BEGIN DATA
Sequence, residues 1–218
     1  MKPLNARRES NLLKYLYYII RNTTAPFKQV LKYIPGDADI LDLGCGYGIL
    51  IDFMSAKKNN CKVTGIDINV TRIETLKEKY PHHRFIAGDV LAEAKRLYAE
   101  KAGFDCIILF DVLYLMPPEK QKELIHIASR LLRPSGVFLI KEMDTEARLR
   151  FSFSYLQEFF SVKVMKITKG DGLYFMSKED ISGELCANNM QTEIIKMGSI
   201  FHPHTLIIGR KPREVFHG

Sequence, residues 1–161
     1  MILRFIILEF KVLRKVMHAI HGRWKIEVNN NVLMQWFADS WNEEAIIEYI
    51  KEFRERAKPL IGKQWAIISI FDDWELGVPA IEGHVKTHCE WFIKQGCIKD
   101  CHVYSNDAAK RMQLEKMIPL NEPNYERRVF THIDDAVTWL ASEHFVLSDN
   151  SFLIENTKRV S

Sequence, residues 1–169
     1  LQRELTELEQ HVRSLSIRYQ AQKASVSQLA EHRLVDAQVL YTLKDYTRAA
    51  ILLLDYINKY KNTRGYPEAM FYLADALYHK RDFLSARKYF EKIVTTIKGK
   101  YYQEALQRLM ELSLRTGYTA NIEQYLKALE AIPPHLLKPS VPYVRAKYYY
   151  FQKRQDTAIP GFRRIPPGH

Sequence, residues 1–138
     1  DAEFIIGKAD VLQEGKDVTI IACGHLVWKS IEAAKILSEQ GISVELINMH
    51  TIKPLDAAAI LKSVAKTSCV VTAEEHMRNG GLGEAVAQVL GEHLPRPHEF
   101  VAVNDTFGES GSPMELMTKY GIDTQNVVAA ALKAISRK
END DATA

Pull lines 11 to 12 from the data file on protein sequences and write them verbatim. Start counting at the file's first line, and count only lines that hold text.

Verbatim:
   151  SFLIENTKRV S

Sequence, residues 1–169